Nearly everyone will experience some sort of malware infection on one of their computers, but if you know what to do you can remove a virus from your PC or laptop yourself. If you can still get into Windows and have access to the internet, continue reading. If your PC won’t function or start up properly or
Nearly everyone will experience some sort of malware infection on one of their computers, but if you know what to do you can remove a virus from your PC or laptop yourself.
If you can still get into Windows and have access to the internet, continue reading. If your PC won’t function or start up properly or you can’t get online click this link: remove a virus from a non-working Windows PC.
Not sure if it’s a virus? Here are a few things that indicate malware is at work:
- Windows is running abnormally slowly
- You’re seeing lots of pop-up messages that you didn’t see before
- Programs start up that you don’t recognise
If you have antivirus software installed, run a scan. If that fails to detect anything, follow these steps carefully and in order, and do not restart your machine until you’ve completed every step:
- Some malicious programs will actively try and stop you removing them. To combat this download and run rkill
- Download and install the latest version of Malwarebytes. Launch the program, then go to Settings > Protecton > Scan for rootkits. Return to the dashboard and click Scan Now
- Install and launch Malwarebytes ADWcleaner, then click Scan
If you can’t get into Windows to run a virus scan, you’ll need to create a recovery tool that you can use to boot up your computer. Of course, you will need access to a second PC or laptop and either a blank CD or DVD or a USB drive.
Download the Norton Bootable Recovery Tool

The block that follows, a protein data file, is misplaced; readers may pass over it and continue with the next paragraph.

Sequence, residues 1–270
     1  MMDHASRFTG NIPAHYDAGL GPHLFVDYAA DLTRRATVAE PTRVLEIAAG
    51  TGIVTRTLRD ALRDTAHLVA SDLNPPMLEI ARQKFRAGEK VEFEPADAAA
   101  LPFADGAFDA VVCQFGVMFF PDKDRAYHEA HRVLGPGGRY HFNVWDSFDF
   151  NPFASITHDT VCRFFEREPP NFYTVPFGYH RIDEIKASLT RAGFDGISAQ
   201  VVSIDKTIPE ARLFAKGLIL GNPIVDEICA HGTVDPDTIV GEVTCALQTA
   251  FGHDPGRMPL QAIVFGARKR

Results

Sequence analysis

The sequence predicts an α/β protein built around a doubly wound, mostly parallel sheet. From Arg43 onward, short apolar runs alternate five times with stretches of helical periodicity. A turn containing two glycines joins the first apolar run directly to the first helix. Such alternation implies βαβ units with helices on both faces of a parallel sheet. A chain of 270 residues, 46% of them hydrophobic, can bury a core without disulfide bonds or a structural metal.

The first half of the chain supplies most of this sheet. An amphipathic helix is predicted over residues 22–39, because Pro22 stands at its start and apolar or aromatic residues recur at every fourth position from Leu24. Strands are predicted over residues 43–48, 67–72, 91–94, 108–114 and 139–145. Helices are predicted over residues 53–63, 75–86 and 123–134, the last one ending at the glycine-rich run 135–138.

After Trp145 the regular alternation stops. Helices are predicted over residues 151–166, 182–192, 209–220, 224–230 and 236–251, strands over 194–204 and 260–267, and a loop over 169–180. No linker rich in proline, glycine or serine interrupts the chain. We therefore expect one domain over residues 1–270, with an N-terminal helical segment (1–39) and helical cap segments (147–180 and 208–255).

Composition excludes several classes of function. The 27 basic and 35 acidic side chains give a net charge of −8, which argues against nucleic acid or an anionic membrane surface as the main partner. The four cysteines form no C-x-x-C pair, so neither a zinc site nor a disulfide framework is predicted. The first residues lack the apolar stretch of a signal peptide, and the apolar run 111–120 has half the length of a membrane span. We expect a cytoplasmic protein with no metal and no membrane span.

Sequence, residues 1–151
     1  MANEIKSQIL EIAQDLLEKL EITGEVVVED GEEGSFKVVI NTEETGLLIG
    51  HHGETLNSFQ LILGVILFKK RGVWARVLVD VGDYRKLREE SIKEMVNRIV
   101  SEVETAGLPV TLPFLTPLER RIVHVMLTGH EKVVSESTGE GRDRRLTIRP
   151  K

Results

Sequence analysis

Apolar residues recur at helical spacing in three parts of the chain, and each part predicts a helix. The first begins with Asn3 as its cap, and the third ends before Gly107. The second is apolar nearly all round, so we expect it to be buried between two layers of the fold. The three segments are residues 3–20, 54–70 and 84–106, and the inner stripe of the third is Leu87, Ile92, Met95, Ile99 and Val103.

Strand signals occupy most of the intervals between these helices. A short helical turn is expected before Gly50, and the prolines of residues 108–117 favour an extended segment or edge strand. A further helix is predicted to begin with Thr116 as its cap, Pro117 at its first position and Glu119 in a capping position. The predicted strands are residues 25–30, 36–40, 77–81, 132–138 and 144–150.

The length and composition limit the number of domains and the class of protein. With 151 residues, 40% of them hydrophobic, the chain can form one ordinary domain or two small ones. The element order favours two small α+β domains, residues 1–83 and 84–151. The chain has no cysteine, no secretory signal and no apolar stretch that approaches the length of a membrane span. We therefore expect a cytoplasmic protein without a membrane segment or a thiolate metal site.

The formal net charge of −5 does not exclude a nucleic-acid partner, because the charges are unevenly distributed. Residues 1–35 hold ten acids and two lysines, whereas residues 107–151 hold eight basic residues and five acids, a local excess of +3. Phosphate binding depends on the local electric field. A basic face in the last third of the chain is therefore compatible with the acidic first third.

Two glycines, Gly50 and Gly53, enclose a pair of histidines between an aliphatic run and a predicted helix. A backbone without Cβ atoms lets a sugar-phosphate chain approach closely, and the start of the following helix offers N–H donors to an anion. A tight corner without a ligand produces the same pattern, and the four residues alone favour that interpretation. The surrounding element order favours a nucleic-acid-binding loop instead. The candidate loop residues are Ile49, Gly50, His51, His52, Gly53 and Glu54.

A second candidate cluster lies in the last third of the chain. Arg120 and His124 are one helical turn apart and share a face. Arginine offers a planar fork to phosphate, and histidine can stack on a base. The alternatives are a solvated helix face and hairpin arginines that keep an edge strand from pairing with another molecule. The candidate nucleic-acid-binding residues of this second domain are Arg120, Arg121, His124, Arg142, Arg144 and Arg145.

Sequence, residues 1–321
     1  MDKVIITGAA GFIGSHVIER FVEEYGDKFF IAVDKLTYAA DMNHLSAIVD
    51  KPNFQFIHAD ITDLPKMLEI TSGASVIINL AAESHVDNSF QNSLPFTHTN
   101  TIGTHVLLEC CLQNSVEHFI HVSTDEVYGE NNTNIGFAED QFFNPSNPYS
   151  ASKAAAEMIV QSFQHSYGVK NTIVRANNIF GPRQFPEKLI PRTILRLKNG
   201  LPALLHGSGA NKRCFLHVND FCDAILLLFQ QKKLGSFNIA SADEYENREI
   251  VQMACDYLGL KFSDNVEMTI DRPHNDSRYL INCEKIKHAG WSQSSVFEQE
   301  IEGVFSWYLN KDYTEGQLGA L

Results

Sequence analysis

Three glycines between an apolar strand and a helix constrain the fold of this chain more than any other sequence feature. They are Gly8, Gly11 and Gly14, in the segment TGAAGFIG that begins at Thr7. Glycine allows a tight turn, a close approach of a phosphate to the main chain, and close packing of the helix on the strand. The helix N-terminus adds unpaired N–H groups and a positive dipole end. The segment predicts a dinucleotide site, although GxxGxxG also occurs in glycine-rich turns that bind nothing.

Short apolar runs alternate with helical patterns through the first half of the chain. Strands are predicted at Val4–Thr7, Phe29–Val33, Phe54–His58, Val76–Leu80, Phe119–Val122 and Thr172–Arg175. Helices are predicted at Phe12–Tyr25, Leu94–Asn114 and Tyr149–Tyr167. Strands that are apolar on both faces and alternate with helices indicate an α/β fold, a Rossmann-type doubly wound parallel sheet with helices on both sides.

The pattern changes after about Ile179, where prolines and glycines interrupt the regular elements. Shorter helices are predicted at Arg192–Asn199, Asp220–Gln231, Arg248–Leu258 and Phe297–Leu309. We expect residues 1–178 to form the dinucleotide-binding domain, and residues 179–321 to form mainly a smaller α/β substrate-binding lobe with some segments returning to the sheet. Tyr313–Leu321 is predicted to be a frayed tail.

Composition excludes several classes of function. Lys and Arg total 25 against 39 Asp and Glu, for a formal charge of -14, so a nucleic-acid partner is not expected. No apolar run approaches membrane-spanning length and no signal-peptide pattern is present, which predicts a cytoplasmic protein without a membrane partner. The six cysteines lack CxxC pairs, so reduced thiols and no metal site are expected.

If you’re using a writable CD or DVD, insert it into the drive (of the second computer). Browse to the Norton Bootable Recovery Tool file you just downloaded, right-click NBRT.iso and choose ‘Burn disc image’. In the Windows Image Burner select the disc drive and click Burn.
If you’re using a USB drive instead of a disc you should download and install the Rufus tool.
Insert a USB flash drive (which will be wiped in the process). Under Format Options select ‘ISO Image’ from the drop-down menu next to ‘Create a bootable disk using’. Click the disc drive icon, navigate to the Norton Boot Recovery Tool file and select NBRT.iso. Click Start, then Ok.
Now insert your recovery disc or USB drive into the infected PC
Power on the machine, but rather than letting it start up normally you want to enter the BIOS menu. A key on your keyboard – often F2 but you should see a message on-screen telling you which key to press – will allow you to open the BIOS.
Navigate the Boot options, then select the disc or USB drive as the first drive.
Save your changes and exit the BIOS. Your machine will now boot up from the specified drive.
If a boot menu appears on the ‘Welcome to NBRT page’ select Boot, then follow the prompts to begin a scan
Once complete you’ll be presented with any found threats and recommended next steps. Be sure to ‘fix’ only genuine threats because your actions cannot be undone.
Once you’re happy with your selections click Fix, and OK when prompted for confirmation. Click Reboot when the process has finished
How to stop your Windows computer getting another virus
The best way to keep your computer safe on the internet is to ensure that your antivirus is up to date. Windows 10 has a built-in firewall, and an effective antivirus in the form of Windows Defender. Extra protection is always a good idea though, and the easiest way to get it is to download some security software.
However, take care not to open email attachments unless you are certain about what they contain and who they are from, and to download software only from trusted sources. When you are browsing the web double-check the URL to ensure the site you think you’re browsing is the real deal and not a fake looking to steal your login details or trick you into downloading malware.
Check out more tips for staying safe from ransomware.